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David Gilmour - David Gilmour CD (album) cover


David Gilmour


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3.54 | 338 ratings

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3 stars This begs the question: what makes a great musician? Is it the instrument he plays? The company he keeps? Or is it all simply about the songs he writes? Many members of outstanding rock groups have attempted to furrow their own peculiar path, though more-often-than-not the results are lacklustre and rarely surpass the creators band-orientated material. The Beatles are a prime example. Together, John Lennon and Paul McCartney(sorry George, we still love you) created some of the most enduring compositions of the 20th century. Apart, Lennon produced wimpy, simplistic, hugely-overrated hippie pop, McCartney ploughed a decidedly mushy mainstream rock course. So what of Pink Floyd? Gilmour apart, the results have been predictably mixed. Roger Waters, the group's main writer during the latter half of their career, would give us several albums worth of glum, wordy, angst-ridden art-rock that was all about himself. The group's quietly- reserved keyboardist Richard Wright would compose a couple of pleasantly-diverting albeit rather lightweight Floyd-ish instrumental albums separated by an ill-advised foray into early-eighties synth-pop with his short-lived duo Zee. Finally, Nick Mason's 'Ubiquitous Sports' would defy categorisation, proving both inaccessible and downright odd. Which leaves Gilmour. A supremely-talented guitarist in his own right, Gilmour's solo career would be similarly chequered, though this first effort is miles ahead of anything concocted by any of his colleagues. Basically the sound of the Pink Floyd front-man kicking back, relaxing and throwing off the self- imposed shackles of his day-job, this bluesy collection of mid-tempo rockers and soothing ballads is the musicians much-needed antidote to the increasingly overblown histrionics being cooked up by the increasingly domineering Waters in the name of Pink Floyd. Recorded at his own home studio between 'Animals' and 'The Wall', 'David Gilmour', which was released in 1978, is a warm, melodic album bristling with a carefree atmosphere that also borrows liberally from the idioms of folk, pop and straight-up rock to limited, if nevertheless impressive, effect. Opening track 'Mihalis' sounds like Pink Floyd doing pop - no bad thing - and that's the essence of the album. Highlights include the rather beautiful 'Cry From The Street', a track featuring an impassioned vocal performance, and the rockier 'Raise My Rent', which harks back to the more straightforward 'Meddle' material. A nicely-judged debut from a singular talent, 'David Gilmour' is a carefree rock creation that should more than please Pink Floyd's legion of fans.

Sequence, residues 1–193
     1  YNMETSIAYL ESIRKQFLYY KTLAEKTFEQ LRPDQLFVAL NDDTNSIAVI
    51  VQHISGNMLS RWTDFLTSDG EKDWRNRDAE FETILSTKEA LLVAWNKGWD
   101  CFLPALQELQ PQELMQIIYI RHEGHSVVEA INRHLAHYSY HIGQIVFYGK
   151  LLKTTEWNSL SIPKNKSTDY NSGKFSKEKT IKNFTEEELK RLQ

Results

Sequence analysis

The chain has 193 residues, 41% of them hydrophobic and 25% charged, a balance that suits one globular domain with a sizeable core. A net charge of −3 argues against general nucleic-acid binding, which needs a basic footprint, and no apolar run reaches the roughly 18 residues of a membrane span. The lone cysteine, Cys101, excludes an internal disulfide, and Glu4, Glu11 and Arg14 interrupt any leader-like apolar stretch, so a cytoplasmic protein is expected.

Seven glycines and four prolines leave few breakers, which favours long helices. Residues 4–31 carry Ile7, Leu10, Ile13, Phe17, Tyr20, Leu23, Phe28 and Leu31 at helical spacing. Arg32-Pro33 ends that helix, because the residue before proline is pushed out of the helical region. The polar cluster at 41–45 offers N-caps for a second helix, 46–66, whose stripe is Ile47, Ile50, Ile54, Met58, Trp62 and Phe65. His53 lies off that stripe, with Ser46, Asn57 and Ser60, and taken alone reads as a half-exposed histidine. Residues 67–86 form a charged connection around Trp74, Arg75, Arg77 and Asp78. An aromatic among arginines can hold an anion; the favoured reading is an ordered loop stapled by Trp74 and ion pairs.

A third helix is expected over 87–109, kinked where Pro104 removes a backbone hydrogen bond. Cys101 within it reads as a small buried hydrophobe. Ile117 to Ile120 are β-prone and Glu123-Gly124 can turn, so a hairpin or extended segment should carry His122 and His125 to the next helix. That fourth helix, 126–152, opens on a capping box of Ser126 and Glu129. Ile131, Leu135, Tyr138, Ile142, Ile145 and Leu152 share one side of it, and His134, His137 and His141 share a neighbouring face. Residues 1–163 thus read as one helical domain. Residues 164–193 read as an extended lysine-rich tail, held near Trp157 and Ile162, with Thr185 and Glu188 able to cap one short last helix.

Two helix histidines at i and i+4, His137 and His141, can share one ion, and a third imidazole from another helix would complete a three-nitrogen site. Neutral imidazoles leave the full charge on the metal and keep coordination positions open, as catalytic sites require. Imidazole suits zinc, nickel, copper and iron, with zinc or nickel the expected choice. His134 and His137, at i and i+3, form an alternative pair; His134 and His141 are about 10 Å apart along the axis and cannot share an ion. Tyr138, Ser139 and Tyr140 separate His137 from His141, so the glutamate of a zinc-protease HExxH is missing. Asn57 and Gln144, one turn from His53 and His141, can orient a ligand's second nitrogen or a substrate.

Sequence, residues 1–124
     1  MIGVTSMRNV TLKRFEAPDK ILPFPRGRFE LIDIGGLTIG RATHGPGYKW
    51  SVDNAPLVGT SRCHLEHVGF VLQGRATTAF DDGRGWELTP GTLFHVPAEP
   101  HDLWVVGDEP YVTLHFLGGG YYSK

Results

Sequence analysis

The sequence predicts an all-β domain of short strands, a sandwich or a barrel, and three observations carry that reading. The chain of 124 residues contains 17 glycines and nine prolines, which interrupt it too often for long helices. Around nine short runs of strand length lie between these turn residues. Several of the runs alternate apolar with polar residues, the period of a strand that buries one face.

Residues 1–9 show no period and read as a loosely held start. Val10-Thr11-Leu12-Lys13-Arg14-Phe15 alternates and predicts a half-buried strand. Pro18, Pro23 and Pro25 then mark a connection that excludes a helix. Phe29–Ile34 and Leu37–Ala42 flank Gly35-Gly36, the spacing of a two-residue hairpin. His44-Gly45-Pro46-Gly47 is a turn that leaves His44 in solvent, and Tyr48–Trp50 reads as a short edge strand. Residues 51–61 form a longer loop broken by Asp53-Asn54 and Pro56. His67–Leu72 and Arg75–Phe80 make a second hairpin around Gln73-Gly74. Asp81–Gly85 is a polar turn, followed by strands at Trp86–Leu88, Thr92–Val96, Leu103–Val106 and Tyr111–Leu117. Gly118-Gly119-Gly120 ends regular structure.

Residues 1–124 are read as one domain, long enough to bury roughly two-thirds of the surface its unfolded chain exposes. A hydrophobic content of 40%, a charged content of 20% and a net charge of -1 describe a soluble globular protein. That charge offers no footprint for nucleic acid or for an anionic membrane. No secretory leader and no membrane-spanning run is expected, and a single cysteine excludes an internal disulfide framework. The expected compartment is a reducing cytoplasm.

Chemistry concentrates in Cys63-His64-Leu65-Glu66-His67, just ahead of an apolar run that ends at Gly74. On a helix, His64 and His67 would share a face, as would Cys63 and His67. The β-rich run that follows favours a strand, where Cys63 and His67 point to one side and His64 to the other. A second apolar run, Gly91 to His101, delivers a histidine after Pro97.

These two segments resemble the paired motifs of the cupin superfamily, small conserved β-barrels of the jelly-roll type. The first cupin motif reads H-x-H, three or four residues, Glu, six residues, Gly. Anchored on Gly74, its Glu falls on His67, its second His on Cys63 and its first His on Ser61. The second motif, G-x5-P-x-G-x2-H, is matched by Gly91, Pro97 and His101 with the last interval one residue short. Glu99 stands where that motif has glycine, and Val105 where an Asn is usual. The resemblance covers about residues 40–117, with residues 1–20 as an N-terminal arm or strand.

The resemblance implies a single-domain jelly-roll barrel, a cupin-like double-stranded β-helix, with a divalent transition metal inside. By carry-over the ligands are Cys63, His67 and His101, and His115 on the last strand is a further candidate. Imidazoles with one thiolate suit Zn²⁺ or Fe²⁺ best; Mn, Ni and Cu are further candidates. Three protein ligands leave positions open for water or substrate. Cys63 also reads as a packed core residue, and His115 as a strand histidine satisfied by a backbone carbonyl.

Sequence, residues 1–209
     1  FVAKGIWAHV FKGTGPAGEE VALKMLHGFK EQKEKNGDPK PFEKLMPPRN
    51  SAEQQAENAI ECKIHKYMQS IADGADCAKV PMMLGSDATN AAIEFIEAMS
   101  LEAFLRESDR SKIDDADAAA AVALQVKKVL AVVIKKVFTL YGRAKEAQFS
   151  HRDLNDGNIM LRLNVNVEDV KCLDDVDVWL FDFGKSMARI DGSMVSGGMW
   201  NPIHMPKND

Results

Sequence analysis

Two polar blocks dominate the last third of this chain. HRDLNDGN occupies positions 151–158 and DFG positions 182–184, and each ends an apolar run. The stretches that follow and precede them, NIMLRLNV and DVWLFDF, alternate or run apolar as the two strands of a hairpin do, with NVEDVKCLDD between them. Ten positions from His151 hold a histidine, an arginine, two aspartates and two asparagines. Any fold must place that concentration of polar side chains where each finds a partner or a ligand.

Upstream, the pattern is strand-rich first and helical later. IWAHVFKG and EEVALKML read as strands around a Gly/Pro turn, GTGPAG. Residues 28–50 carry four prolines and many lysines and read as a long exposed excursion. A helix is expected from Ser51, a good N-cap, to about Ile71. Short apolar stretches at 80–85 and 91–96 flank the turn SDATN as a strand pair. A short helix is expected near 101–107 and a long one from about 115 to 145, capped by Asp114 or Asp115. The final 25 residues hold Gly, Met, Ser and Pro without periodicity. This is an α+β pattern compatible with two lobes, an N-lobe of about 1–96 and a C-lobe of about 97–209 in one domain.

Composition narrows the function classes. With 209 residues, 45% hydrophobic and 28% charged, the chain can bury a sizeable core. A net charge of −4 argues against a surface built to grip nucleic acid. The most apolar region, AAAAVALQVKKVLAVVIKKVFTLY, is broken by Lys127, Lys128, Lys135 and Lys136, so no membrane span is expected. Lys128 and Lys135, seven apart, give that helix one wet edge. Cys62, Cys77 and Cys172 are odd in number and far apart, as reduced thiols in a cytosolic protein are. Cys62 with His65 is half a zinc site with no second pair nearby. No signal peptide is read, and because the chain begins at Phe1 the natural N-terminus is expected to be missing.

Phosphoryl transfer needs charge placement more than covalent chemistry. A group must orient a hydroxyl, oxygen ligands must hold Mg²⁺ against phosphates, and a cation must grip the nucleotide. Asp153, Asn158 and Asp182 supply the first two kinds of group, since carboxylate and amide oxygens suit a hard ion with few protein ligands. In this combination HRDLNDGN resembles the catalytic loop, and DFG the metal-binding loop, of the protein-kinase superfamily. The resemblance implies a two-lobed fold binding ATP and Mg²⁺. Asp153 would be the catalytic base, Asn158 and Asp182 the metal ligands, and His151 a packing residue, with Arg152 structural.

stefro | 3/5 |


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